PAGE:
Alpha, beta?

Dminor

Senior Member
Dutch, the Netherlands
How do you call the different branches of knowledge? In Dutch we have two (sometimes three) branches:

Alfa: language, arts, etc.
Beta: mathematics, physics, chemistry, etc.
(Gamma: geography, and history too I believe)

I'm especially interested in the equivalent of "Beta". Thanks in advance!
 
  • stranger in your midst

    Senior Member
    English / Scotland
    Sciences, pure, applied and natural, and arts, including classics (humanities). Painting, sculpture etc are called the fine arts.
     

    Lemminkäinen

    Senior Member
    Norwegian (bokmål)
    Alfa sounds a lot like what can be branched under the term 'humanities'.
    Beta: natural sciences
    Gamma: social sciences

    I'm not completely sure about the two last though.
     

    panjandrum

    Lapsed Moderator
    English-Ireland (top end)
    I've never seen the alpha, beta, gamma classification before.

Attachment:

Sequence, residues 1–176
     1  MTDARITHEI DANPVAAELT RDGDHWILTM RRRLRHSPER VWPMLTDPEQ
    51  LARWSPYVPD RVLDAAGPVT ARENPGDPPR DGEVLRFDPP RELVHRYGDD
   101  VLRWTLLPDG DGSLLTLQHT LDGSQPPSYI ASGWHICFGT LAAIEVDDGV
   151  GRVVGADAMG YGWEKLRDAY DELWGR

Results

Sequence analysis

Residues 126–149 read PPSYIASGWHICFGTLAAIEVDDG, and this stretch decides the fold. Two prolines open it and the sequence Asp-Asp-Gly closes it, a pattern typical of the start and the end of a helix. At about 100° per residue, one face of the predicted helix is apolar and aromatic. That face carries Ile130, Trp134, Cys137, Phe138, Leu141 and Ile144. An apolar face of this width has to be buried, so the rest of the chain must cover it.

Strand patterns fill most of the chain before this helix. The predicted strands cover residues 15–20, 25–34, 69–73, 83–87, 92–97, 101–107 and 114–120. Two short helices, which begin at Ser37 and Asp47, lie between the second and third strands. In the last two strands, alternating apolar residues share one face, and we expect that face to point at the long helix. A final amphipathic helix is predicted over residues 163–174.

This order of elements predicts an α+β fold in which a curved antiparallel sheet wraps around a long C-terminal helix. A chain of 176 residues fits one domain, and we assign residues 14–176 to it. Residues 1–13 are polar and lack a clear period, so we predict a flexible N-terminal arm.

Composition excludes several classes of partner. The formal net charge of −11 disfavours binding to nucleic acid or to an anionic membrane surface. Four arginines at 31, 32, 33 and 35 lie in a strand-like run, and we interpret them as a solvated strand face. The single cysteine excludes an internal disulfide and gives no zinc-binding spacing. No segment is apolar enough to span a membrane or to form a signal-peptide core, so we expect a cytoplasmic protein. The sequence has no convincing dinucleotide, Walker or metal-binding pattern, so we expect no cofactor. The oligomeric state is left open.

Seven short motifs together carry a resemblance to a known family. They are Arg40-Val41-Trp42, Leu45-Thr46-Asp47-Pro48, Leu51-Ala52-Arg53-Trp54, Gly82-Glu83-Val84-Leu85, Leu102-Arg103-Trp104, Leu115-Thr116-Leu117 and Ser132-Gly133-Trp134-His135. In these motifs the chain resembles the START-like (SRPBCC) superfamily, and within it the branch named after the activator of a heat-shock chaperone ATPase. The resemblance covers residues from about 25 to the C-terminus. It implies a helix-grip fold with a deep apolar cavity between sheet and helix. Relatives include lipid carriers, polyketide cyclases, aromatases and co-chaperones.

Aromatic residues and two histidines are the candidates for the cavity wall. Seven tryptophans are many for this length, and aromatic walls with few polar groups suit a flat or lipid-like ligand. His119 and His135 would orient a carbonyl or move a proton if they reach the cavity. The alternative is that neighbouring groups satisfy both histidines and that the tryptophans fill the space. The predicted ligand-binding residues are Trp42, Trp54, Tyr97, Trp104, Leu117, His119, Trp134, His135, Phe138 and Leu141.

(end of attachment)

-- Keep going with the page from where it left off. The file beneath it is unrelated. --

Different universities seem to use different general classifications. The titles stranger used sound familiar to me.

    (The English spelling of the Greek letter is alpha, not alfa)
     

    Hakro

    Senior Member
    Finnish - Finland
    I'd say:
    Alfa: Arts, languages, etc.
    Beta: Biology, mathematics, physics, chemistry, etc.
    Gamma: Geography, history etc.)

    and you can go on:

    Delta: Disaster, Discomfort etc. what you meet as a student.

    and so on.
     

    Random1

    Senior Member
    English - USA
    I would consider sciences and maths as "logical knowledge," and the arts and languages "creative thought."

    Social studies is what geography and human history are categorized as.
     
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